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Can balls of steel improve your golf game?

Power Pitch

A small start-up from Buffalo, N.Y., is taking a swing at bringing big changes to golf.

“We’re … optimizing the only piece of equipment you use in every single shot—the golf ball,” said OnCore Golf’s co-founder Steve Coulton.

Coulton and co-founder Bret Blakely claim their golf balls’ hollow metal core helps players of all levels shoot straighter.

“Golf’s a challenging game and we’ve got a product that we think will make it a little bit easier for the golfers out there and hacks like ourselves on the golf course,” said Coulton.

See OnCore’s co-founders deliver their 60 second Power Pitch.  Watch now to see if they have what it takes to score three “ins” from judges Charlie Rymer of Golf Channel’s “Morning Drive,” David Wu of venture capital firm Maveron and Dominic Chu of CNBC.
Putting the ball to the test

Golf balls are a $1.5 billion industry.  And while there have been innovations to the golf ball, such as dimple patterns, no one has attempted a hollow metal core—until now.
OnCore’s patented technology is a hollowed-out center, encased in steel, that is surrounded by a polymer layer. According to OnCore, its technology allows the energy from a club’s impact to transfer onto the ball’s perimeter more quickly. This allows for a straighter flight and less sidespin.  The start-up also claims its technology does not sacrifice distance or control.  In fact, the founders say the data shows their ball will give a 20-30 percent improvement in dispersion off the tee.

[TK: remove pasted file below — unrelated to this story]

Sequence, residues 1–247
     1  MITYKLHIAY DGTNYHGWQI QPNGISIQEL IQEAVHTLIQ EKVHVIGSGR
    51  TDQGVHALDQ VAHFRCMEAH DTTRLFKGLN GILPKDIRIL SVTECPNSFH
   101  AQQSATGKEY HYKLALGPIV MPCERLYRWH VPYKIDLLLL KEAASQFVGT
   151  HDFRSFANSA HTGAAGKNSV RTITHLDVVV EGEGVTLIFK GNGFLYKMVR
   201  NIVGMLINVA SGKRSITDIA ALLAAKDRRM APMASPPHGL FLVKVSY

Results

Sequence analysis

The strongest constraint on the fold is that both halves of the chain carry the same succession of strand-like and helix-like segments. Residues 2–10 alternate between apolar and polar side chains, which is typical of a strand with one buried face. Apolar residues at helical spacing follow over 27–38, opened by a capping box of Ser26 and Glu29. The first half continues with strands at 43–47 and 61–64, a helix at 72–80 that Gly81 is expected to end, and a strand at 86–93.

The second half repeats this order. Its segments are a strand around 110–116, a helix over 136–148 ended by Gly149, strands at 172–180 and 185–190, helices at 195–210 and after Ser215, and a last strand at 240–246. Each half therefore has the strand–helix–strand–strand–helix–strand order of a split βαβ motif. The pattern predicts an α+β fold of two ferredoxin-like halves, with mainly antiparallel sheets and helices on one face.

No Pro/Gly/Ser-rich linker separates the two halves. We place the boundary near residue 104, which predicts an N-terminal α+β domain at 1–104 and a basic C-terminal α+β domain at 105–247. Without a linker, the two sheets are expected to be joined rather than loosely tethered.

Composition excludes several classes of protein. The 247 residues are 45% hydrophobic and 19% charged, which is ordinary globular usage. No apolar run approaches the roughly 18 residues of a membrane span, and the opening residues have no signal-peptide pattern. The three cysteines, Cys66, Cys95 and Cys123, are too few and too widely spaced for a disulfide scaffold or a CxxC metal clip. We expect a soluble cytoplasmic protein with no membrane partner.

One way to understand the technology is to think about a figure skater spinning. As the weight of the skater shifts inward, the skater starts spinning faster. If the skater extends his or her arms or legs, the weight shifts outward, and the spinning slows.

On par?

OnCore faces some stiff competition. The United States Golf Association says more than 1,300 different balls from 73 companies were tested in 2013. Of those tested, less than 2 percent failed.  And heavyweights like Titleist, Spalding, Maxfli, Nike (NKE) and Callaway (ELY) have huge name recognition, in large part, because they have sponsorship deals with pro golfers.

Blakely and Coulton say word of mouth is OnCore’s sweet spot. “We know that if our product doesn’t do what it says, then the average golfers aren’t going to get behind it. And that’s a person that I would believe over somebody that I know is getting paid $10 million to talk about the product,” said Blakely.

Driving new players to the game

Rymer asked if OnCore’s technology could attract new players.

“At the end of the day golf is a game, and that’s often overlooked because we’re so caught up in our score and the frustrations that a challenging game brings us,” said Coulton.  “If you can have a little bit more fun out there and shoot a lower score it’s going to bring people into the game and keep people whootherwise would get frustrated and leave.”

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Customers can purchase OnCore products directly from the website. But Coulton and Blakely say they have a deal in place with Amazon (AMZN) set to launch in May, as well as other deals that will help the start-up go to Australia, New Zealand, Japan and South Africa.  They also have plans to enter the pro-shop market this year.

Founded in 2009, OnCore Golf has raised $1.4 million from InVentures Group, Angel Capital Group and crowdfunding. OnCore’s co-founders project the company will be profitable by the fourth quarter of 2014.
See Bret Blakely and Steve Coulton power pitch their start-up, OnCore Golf, to panelists Charlie Rymer of Golf Channel’s “Morning Drive,” David Wu of Maveron and Dominic Chu of CNBC.

-Additional Reporting by Joanna Weinstein and Kelly Lin

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